A Prayer for Owen Meany is a book that many students are assigned to read as part of the course work for their high school English class. It is also a book that tends to get banned.
Owen Meany is a small kid with a voice that is so bizarre that people stop and stare at him when he speaks. It sounds like a permanent scream. Owen is also brilliant, and wise beyond his years, and, like most kids who are a combination of highly intelligent and odd, he gets picked on all through childhood.
It takes until high school for Owen to become not only accepted, but popular, and in some ways, even revered. Which seems fitting, considering the fact that Owen believes he is “an instrument of God”. Why does he think so? Turns out Owen has some rather compelling reasons for his belief, which the reader slowly learns about as you go through the story.
Told from the viewpoint of Owen’s best friend, John Wheelwright, the book jumps around in time. One minute you are hearing about something that happened when the boys were young, the next minute John is telling the reader about today’s headlines in the newspaper, decades after the childhood story he just conveyed.
In the beginning of the book, John tells a story about the day of the baseball game when Owen hit the ball for the first time. The ball flew over the fence, and hit John’s mother on the head, instantly killing her. Despite this, the two remain best friends, and stay closer than brothers for their entire lives.
In addition to being a story about the great and wondrous Owen Meany, a boy like no other, this book is also a commentary about much deeper concepts. John and Owen were draft age right as the Vietnam War was getting going, and this book covers everything from specific historical events to how different people at that time viewed the war.
John’s cousin Hester becomes a protester. Owen tries to join the military. John doesn’t know what to do. Contrasting with this is the voice of “present day” John, who reads the New York Times newspapers every day, which tell him what is going on with the Iran/Contra Scandal that happened in the 1980’s. John doesn’t hold back on telling the reader exactly what he thinks about the United States Government as it relates to each event.
Much of this book involves religion. Different sects of Christianity are compared and contrasted viewed through the lens of John and Owen’s experiences at the different churches their families send them to.
Towards the beginning of this book is a description of not only a Christmas Pageant/Nativity Scene the boys become a part of, but also a lot about the town play, A Christmas Carol that John’s stepfather is directing. For me, personally, it was almost too much Christmas to sift through. Don’t skip over those scenes though, even if you also find your self going into Christmas overload, because what happens in those parts becomes very important later on in the book.
Owen despises Catholicism, for reasons you find out later on, but, despite that, is deeply religious from a very early age. John takes a bit longer to become religiously inclined. In any case, Irving includes a lot of stuff about the pros and cons of different religions in this book.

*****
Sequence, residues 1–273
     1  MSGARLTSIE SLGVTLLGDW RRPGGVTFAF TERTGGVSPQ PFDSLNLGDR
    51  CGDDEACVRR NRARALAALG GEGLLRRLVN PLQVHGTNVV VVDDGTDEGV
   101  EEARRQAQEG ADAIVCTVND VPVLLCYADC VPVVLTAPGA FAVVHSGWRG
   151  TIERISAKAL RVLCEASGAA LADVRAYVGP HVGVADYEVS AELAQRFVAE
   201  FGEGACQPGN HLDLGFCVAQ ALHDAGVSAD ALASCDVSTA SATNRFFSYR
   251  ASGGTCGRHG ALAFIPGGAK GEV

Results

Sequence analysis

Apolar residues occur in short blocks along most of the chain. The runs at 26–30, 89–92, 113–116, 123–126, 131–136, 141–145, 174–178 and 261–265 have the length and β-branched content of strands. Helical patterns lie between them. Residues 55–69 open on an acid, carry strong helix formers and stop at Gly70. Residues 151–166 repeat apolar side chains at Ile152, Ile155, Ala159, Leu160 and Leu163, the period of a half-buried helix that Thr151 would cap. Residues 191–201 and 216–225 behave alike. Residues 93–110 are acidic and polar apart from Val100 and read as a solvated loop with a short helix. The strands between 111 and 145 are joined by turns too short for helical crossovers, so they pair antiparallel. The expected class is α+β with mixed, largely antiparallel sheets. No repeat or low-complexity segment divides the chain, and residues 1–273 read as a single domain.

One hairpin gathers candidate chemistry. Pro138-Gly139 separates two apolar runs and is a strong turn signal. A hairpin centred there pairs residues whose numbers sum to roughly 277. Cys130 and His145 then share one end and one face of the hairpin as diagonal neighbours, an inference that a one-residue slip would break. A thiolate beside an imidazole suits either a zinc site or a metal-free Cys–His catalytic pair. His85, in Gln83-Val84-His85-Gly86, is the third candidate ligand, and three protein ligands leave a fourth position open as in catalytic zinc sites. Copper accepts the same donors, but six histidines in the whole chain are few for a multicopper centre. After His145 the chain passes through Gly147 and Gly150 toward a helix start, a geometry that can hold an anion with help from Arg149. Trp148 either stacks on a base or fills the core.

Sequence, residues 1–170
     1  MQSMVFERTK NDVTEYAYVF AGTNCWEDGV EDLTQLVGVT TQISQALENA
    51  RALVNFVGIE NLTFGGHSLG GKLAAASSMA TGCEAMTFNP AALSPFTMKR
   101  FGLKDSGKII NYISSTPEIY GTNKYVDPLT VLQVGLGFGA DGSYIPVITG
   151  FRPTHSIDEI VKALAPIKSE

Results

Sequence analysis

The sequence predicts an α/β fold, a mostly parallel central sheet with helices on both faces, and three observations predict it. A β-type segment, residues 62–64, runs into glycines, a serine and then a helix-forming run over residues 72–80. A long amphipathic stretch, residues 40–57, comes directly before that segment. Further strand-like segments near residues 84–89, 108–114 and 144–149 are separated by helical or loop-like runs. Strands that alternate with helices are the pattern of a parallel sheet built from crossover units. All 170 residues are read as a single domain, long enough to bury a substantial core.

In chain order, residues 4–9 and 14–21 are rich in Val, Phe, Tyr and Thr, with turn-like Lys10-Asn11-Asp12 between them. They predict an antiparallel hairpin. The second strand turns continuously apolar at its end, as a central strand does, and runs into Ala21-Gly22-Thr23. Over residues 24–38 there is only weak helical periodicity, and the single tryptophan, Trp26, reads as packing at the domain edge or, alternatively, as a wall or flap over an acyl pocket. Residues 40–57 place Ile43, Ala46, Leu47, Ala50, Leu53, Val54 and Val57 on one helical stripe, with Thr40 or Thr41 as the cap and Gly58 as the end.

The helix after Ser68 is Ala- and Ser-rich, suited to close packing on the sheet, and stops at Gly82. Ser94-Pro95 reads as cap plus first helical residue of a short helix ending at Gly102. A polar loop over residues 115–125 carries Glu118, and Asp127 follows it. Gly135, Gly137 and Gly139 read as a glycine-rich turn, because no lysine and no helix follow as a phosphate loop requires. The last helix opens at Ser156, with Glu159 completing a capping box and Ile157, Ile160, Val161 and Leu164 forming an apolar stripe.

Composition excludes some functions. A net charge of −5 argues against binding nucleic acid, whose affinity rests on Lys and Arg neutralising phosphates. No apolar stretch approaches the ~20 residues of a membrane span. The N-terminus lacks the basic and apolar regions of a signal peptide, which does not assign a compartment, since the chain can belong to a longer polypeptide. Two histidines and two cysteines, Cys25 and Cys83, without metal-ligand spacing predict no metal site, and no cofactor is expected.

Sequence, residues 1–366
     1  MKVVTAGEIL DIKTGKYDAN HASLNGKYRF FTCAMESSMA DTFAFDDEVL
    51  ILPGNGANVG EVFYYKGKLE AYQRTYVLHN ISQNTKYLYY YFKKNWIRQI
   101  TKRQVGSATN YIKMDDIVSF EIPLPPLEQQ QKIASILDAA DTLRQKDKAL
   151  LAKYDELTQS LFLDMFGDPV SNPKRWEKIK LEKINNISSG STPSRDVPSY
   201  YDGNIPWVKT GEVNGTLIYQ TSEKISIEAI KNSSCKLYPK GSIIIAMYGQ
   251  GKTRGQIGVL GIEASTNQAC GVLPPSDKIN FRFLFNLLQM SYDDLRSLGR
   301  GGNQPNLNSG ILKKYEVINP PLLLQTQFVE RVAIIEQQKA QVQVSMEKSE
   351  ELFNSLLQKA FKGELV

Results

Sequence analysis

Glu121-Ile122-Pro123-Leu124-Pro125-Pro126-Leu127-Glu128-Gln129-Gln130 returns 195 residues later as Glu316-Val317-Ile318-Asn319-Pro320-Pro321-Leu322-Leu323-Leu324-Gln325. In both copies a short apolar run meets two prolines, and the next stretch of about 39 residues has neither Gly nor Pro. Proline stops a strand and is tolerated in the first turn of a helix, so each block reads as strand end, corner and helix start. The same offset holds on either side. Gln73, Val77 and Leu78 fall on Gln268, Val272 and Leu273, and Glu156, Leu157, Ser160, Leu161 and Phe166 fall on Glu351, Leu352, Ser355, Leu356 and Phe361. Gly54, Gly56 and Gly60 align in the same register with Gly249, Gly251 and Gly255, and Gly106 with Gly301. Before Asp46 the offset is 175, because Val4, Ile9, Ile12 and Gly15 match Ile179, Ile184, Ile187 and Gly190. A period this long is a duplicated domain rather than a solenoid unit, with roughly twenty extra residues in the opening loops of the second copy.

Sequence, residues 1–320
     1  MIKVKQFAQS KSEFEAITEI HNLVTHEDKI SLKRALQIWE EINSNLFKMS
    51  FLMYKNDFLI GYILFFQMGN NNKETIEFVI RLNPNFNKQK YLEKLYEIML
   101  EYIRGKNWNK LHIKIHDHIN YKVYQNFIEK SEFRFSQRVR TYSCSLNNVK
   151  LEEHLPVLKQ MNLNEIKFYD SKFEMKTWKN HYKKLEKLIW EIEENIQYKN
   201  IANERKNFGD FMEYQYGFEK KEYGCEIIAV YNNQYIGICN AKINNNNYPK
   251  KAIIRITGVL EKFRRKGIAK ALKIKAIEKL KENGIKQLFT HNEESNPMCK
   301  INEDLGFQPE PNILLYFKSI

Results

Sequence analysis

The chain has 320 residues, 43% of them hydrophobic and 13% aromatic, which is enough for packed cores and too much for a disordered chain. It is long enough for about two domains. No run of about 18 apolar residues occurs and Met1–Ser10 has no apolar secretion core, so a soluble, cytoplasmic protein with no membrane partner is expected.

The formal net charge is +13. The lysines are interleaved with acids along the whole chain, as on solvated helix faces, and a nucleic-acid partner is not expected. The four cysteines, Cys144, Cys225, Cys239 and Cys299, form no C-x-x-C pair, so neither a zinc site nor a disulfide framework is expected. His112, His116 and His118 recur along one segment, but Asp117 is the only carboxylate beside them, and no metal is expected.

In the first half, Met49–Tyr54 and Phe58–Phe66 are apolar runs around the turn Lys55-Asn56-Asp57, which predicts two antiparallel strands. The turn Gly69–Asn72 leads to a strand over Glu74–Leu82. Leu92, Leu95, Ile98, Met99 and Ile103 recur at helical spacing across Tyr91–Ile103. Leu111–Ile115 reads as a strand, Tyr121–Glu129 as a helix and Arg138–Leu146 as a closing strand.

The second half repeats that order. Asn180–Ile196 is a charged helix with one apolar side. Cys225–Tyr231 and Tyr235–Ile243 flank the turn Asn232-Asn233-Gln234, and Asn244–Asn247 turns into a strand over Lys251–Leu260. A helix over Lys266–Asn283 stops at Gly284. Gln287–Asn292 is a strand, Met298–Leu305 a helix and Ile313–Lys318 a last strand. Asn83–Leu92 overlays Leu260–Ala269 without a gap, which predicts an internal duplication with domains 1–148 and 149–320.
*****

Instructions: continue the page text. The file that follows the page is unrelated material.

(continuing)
Considering that this book covers topics such as war, religion, and government (and also touches on some aspects of sexuality) and that it jumps back and forth in time, this is not an easy read! It is well worth the struggle to get far enough along to begin to enjoy the book.
Much of it is hysterically funny, especially some of the results of Owen’s plans and schemes. There are also parts of this book that literally took my breath away, the event was so unexpected and shocking. Few books have that effect on me.
Why does this book get banned? Any book that dares to criticize either Christianity or the United States government tends to irk people. This book does both. Some parts of this book are about John discovering his own sexuality, and people tend to get uncomfortable reading about an underage person having sexual feelings and the accompanying bodily reactions to those feelings.
John is attracted to his cousin Hester when both are still children, and the attraction doesn’t really go away for John after he becomes an adult. Although nothing really happens between the two of them, the concept alone is enough to make people object to having their kid assigned to read this book at school. This is not the only instance of sexuality appearing in this book, which only adds fuel to the fire, so to speak, for people who enjoy censorship.
In today’s world, there are fewer and fewer opportunities for Americans to read something that might make them question the actions of the United States government. Although the events in this book take place decades before America’s involvement in Iraq, the similarities between how people view this war, and how people viewed Vietnam are obvious.
I believe that people should question everything, and really think about it before just becoming a lemming and following blindly along, and that includes the actions of the government. It’s not important that you come to the same conclusions about war that John did, only that you hear a viewpoint that might not be the same as your own.
Irving shines a bright light on not only “Religion”, in a variety of forms, but also the people who follow it, and the actions they choose. The good, the bad, and the ugly are there for you to view, and think about. It’s not easy to find books that encourage the readers to use their brains and come to their own conclusions about topics as evocative as religion and war.
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